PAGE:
By Andrew Yee
Having been inspired by the likes of Mike Giant, Dondi and Skeme, Jesse has established himself off of a combination of clean line work and print design aesthetics, working with the likes of Young Henrys, Commune and Vilify, just to name a few.
On the eve of his debut solo show ‘Piledriver’ displaying this Wednesday at Goodspace Gallery, we caught up with Jesse and asked him a few questions about his new works, what inspires him, and his burning love for the great art of professional wrasslin’.
Just looking around, my space is filled with things that kinda promote my productivity. My home studio is filled with lots of plants, ranging from big and small. Something I’ve always gotta have is positive or upbeat/uplifting music. Depression is a hell of a drug and nothing transports me back to my happy place quicker than 80’s love songs like Wham or Glen Campbell.
The windows are decked out with motivating words along with little post-it notes of quotes reminding me to push forward and grind. I’ve got the generic laptop, drawing tablet, pen and paper. But what helps me completely immerse into a space and is essential to any studio is my dog/life companion, Ace. He’s my go to guy. The wisest lifeform on earth. Like a miniature Buddha, covered in fur.
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Growing up, I was always inspired by cartoons and video games. When Pokemon Red & Blue came out when I was a kid, I would try and amalgamate or create my own Pokemon from scratch with their own stats; with dreams of someday showcasing my ideas to the creatives. I’d watch and draw inspo from everything like Dragon Ball Z, Digimon, Simpsons, reading comic books of X-Men and play super imaginative videogames like Mortal Kombat, trying to replicate these characters with amazing personality and superhuman strength in my drawing style.
So as a kid, I was very inspired by cartoons. My dad used to own a shop right next door to House Of Pain tattoo parlour, so I’d always go into the shop and check out the flash sheets, go home and draw my own tattoos of things I saw on the wall. I started getting older and heavily got into graffiti and drawing inspiration from writers from the 80s New York scene, like Dondi, Seen and Skeme. So my style kinda shifted from trying to draw cartoons, to creating colourful and complex typography but still keeping some cartoonish elements.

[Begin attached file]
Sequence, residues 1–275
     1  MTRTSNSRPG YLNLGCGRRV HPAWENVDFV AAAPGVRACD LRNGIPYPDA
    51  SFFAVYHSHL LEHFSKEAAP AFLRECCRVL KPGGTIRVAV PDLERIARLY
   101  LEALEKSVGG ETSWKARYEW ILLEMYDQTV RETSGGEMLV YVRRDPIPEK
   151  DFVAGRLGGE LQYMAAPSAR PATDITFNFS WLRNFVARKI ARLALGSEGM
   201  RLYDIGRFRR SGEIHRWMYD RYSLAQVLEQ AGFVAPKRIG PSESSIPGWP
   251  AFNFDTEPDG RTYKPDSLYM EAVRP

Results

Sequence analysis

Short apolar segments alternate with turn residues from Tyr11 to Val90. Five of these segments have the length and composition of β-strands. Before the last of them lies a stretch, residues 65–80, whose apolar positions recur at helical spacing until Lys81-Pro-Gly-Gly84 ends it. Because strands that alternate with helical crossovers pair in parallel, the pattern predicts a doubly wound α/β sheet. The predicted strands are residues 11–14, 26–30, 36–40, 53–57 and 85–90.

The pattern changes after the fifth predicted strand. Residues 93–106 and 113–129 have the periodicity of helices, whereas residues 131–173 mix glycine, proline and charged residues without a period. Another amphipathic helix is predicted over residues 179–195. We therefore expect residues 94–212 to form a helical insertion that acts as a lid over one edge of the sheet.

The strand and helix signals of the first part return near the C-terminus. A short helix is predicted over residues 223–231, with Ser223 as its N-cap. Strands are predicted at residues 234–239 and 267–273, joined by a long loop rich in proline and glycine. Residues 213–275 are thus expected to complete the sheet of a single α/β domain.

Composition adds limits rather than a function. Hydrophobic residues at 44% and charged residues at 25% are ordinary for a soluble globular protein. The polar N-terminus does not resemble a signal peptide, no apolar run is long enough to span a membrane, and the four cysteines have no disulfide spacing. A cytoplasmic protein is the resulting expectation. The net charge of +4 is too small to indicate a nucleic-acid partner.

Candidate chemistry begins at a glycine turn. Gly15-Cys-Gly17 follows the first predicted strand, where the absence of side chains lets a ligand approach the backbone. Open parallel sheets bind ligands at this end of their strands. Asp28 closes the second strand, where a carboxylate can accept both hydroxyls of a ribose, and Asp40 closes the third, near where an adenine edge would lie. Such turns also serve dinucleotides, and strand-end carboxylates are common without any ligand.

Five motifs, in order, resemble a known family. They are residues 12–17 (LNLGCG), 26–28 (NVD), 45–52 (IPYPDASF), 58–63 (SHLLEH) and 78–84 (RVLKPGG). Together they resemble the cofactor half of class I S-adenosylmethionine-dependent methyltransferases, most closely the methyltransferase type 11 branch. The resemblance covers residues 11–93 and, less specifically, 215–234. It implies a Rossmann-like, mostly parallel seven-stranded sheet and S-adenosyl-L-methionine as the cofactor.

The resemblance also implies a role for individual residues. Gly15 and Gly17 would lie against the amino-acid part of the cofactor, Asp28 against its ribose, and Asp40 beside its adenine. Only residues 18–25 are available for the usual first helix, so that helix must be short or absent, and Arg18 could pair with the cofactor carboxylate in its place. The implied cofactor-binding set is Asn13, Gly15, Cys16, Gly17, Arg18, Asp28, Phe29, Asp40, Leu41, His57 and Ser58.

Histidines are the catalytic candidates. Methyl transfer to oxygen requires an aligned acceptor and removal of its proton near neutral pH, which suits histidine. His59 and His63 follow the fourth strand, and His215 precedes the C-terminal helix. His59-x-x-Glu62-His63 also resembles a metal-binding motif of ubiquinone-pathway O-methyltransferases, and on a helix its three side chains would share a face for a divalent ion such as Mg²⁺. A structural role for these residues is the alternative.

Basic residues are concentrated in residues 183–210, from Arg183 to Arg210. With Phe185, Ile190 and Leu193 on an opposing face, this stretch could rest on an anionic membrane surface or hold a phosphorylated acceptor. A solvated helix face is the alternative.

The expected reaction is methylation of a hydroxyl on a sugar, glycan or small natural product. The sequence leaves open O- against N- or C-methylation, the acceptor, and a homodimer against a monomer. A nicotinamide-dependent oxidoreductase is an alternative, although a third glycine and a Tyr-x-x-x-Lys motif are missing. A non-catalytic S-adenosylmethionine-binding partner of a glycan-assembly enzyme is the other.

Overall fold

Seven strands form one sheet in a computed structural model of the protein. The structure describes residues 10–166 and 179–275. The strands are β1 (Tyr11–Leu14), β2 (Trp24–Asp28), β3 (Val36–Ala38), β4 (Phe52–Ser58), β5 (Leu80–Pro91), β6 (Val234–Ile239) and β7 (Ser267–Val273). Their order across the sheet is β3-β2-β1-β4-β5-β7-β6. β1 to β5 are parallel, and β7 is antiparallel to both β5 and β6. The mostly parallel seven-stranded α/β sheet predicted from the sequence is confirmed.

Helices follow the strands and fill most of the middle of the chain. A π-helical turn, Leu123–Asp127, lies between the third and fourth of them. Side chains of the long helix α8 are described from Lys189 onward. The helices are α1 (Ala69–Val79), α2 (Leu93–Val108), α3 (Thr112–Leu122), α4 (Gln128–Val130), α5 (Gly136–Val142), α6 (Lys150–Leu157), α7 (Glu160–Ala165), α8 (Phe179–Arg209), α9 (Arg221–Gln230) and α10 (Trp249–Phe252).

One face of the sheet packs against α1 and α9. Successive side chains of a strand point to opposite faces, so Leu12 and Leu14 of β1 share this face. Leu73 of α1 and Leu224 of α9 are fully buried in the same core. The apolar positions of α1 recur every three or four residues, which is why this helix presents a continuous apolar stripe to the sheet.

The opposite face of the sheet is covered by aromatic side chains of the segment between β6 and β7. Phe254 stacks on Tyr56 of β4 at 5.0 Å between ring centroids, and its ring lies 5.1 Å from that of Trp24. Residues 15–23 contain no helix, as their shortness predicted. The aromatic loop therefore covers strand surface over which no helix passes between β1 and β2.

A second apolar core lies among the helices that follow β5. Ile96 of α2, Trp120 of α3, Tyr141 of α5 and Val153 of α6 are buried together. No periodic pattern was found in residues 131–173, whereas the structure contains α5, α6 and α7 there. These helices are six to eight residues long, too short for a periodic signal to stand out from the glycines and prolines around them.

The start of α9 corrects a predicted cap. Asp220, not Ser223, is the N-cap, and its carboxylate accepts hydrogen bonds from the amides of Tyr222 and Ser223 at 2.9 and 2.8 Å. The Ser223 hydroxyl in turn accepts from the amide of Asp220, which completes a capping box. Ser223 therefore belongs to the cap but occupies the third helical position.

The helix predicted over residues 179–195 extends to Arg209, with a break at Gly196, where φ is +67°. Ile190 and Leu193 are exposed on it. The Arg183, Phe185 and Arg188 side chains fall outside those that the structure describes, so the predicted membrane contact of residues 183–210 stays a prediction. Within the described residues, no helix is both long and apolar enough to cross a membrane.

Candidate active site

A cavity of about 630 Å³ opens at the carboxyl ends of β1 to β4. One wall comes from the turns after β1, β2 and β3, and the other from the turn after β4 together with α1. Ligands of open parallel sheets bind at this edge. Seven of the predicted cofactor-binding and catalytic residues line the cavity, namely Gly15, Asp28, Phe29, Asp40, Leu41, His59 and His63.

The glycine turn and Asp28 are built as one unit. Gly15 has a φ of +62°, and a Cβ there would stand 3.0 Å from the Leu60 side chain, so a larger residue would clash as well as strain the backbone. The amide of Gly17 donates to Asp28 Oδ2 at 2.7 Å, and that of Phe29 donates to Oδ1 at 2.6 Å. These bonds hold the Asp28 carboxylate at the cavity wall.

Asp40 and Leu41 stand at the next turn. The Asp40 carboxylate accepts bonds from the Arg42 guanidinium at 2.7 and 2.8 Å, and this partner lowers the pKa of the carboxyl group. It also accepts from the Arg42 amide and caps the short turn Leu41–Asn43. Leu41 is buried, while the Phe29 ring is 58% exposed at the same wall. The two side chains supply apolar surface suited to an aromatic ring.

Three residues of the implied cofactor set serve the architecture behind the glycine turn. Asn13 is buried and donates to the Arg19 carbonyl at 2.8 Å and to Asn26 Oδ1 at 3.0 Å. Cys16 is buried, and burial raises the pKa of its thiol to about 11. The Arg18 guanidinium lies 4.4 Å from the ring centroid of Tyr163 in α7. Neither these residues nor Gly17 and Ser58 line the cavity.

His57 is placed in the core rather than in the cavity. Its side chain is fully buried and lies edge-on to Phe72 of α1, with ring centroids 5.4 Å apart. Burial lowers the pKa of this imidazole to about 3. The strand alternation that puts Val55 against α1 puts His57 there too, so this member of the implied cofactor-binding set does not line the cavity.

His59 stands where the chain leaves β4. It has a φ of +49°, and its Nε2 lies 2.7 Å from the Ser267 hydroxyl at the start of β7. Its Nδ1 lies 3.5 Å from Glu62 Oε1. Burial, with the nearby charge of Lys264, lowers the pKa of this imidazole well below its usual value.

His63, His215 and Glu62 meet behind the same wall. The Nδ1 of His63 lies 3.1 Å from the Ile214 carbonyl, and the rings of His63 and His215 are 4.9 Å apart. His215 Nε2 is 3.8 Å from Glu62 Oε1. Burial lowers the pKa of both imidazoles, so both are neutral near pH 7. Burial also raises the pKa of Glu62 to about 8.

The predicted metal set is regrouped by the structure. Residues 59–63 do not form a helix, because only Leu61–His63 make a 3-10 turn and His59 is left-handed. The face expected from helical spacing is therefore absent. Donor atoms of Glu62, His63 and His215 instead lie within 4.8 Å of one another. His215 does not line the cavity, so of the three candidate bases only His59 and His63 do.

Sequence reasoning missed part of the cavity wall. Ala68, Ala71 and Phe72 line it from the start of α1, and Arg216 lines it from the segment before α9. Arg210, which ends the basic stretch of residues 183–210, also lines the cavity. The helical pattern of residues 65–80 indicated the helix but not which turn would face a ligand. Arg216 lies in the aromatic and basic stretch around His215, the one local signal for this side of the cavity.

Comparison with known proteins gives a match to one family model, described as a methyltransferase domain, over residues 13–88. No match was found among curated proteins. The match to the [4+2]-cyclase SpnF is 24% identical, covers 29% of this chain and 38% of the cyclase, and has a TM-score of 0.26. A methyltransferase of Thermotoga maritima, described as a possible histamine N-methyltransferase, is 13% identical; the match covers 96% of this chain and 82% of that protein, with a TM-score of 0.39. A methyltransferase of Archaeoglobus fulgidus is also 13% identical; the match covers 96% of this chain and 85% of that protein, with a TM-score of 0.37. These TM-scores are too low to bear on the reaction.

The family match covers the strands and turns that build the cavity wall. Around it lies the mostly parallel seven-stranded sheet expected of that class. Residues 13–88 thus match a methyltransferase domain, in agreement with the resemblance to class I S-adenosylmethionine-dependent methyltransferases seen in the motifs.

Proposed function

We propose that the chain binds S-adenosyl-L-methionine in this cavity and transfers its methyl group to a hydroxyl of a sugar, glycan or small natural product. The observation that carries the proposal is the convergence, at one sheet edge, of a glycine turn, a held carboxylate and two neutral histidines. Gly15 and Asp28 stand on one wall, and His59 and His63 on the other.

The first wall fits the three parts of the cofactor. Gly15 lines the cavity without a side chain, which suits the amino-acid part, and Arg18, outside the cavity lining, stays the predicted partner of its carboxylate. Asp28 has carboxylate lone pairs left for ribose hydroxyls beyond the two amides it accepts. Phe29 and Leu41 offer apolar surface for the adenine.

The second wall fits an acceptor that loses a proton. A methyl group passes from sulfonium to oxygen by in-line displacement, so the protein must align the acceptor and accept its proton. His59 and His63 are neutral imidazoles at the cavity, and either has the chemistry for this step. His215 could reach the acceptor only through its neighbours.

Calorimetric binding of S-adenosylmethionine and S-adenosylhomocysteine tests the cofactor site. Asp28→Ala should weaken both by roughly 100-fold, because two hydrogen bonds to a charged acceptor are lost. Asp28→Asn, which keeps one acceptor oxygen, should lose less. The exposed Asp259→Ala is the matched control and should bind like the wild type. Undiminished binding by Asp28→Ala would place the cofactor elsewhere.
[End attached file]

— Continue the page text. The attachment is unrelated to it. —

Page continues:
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Skulls have kind of become a fad recently, don’t get me wrong. I’ve been a member of this weird perverted skull lovers fan club for a while, but it’s definitely become a novelty and most often times it’s run dry. I think it goes deeper than skulls being cool enough to make skull shaped glass bottles filled with vodka. For me, I have such an appreciation for artists who can crush a skull with no effort. Artists like Mike Giant, Dale Bigeni, Ben Brown (just off the top of my head) and even people outside the realm of pen/paper like Jack of the Dust with his 3D skull replicas.
I think the exterior love and appreciation comes from how hard they are to draw – not only to draw but to really hit a home run. For me – I think the love of skulls comes from two things, firstly how ‘metal’ skulls have always been and how much they’re ingrained into rock & roll culture of being that rebellious, ‘don’t fuck with me’ vibe. Secondly, I love how androgynous they can be. Skeletons and skulls don’t necessarily have to have a gender, but they’re raw, naked, real and ultimately human – capable of adopting any persona with or without flaws. The consumer becomes the author of what this skeleton is capable of doing.
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Piledriver came about after living a lifetime of being a wrestling fan, who is also fascinated by skeletons and how ‘metal’ they can be. I mixed my love of wrestling with the realism of medical journals to create the look and feel of this radical study of the human anatomy. I wanted to create these non-binary characters who didn’t necessarily resemble anyone in particular, but more so to drew attention on what they’re doing and what analogies can be drawn from the moves. For example, the piledriver move can be represented as ‘life’ dropping you on your head.
The reason why I chose medical journals as my reference point was because I’m linking these professional wrestling manoeuvres with the parallels of mental health and how wrestling has in many ways saved my life. As a kid, I lived in a very chaotic and explosive household and I would use wrestling as my escape. There were times where I spent hours on hours creating wresters on WWF Smackdown, who were far extensions of myself and who I modelled with traits that I needed myself to stand up against my alcoholic dad. I used to have dozens of wrestling figures that I’d play with religiously as a distraction; when I had to call 000 on a weekly basis, to deal with the pandemonium that became more occurring than football training.